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GAME: Playtime Is Over

By Kim Osorio, Staff

Posted on March 21, 2006 -- Hate him or love him, Compton, Calif.-born rapper The Game single-handedly brought the West Coast back when he burst onto the scene with his debut album, The Documentary. Prior to that, he had built up an enormous buzz through a heavy mixtape presence, favorable press clippings, and then (drum roll please), a high-profile affiliation with 50 Cent and his widely popular G-Unit. But with these two hip hop mega-superstars sharing the same brand name, the relationship was bound to go sour.

Now that his much hyped feud with 50 Cent has settled down, it's back to the music for the Aftermath/Interscope artist (yes, he's still signed to the label). Next up, The Doctor's Advocate, Game's sophomore release, scheduled to hit stores in June. caught up with Game recently for an exclusive interview while he took a break from recording his new album. Here's how it went down.


Let’s talk about your upcoming album, The Doctor’s Advocate.  Are you almost done completing it?
I’m about 85 percent done. The only person that I haven’t seen is Kanye. He’s gonna do two or three joints. I worked with Just Blaze, Scott Storch, Swizz Beatz, [and] Dr. Dre. When this album drops, it’s gonna set the tone for the rest of my career.

Despite the rumors, and what 50 has said, you are still working with Dr. Dre?
Yes, I’m an artist signed to Aftermath. The only thing that’s missing is the G-Unit and 50 Cent on the back on the album.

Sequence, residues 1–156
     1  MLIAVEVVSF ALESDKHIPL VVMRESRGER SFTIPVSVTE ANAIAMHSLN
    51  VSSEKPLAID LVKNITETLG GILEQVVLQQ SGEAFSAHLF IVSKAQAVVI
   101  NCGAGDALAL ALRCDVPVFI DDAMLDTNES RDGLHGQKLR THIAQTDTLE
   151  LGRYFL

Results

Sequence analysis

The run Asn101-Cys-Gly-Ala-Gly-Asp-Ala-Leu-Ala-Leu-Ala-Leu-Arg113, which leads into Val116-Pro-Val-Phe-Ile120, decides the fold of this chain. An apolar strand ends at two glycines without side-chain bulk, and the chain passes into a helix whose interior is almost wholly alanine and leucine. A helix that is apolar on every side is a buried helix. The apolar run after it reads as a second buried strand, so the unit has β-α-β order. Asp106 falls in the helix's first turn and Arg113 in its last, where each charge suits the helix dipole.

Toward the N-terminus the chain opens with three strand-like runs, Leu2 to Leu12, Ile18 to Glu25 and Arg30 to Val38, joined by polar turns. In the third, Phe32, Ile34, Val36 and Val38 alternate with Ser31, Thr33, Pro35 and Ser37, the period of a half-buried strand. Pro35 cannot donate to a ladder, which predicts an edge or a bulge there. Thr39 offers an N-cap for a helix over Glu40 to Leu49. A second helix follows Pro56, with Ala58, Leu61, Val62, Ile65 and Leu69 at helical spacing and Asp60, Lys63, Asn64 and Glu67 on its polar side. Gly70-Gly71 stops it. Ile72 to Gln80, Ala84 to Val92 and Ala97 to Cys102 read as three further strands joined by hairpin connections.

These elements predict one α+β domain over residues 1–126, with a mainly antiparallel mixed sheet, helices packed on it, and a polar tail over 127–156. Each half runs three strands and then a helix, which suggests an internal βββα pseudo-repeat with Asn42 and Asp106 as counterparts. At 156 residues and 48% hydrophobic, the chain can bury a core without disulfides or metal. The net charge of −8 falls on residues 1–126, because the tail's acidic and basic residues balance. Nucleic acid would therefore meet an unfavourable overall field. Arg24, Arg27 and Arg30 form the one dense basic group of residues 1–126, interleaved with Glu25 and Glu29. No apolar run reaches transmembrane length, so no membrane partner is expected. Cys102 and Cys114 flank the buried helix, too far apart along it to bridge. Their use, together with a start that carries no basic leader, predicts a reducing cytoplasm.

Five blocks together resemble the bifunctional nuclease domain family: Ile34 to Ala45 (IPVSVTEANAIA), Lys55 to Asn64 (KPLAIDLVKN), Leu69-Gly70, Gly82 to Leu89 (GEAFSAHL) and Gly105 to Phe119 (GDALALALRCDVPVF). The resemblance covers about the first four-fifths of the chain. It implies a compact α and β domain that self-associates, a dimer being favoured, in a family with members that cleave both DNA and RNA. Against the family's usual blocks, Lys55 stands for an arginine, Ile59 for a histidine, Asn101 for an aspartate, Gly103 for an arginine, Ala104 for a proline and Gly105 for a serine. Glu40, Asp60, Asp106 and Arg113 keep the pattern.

So you are officially no longer affiliated with G-Unit then?
Nah. That’s spoiled milk. Nobody gonna drink that. I don’t even have no ill feelings towards them. Getting rid of [that] was a blessing. I kinda felt like God’s had his hands on me. We had one of the biggest rap beefs to date. Like Tupac/Biggie. I woke up and I was right in the middle of it, but only in the beginning stages. I [wasn't] gonna let it get to that point.

But I heard some things about your relationship with Aftermath/Interscope going sour as a result of your beef with G-Unit. Are you on good terms with your record label now?
The politics and the industry and the label, there was so much mixed feelings. I reconciled [it all] now, and everything is good at the label. It’s resolved. I’m ready to drop a load, and it ain’t like I’m some mediocre artist. I made a lot of money for Interscope. The Documentary, my album, went five times platinum.

Was the June 6 (6/6/06) release date for the album intentional or was that a coincidence?
Yes, the devil’s day. That’s the day for all the haters, the day I’m going up against all of that. I’m doing my own thing. That’s my independence day. Free from all the bullsh*t and the hip hop politics, which can be draining. To a young Black male from Compton, to escape all the drama that comes with the rap game, it's draining.

What can we expect from you on this album?
That is the question you should answer yourself. I’m gonna keep that on the wraps.

Are there any guest appearances on this album?
I won’t say. I’m not telling. I’m gonna be on there. I might as well start at No. 1 and rap all the way through No. 15.

Why? Is there no other artist out there in the game that inspires you right now?

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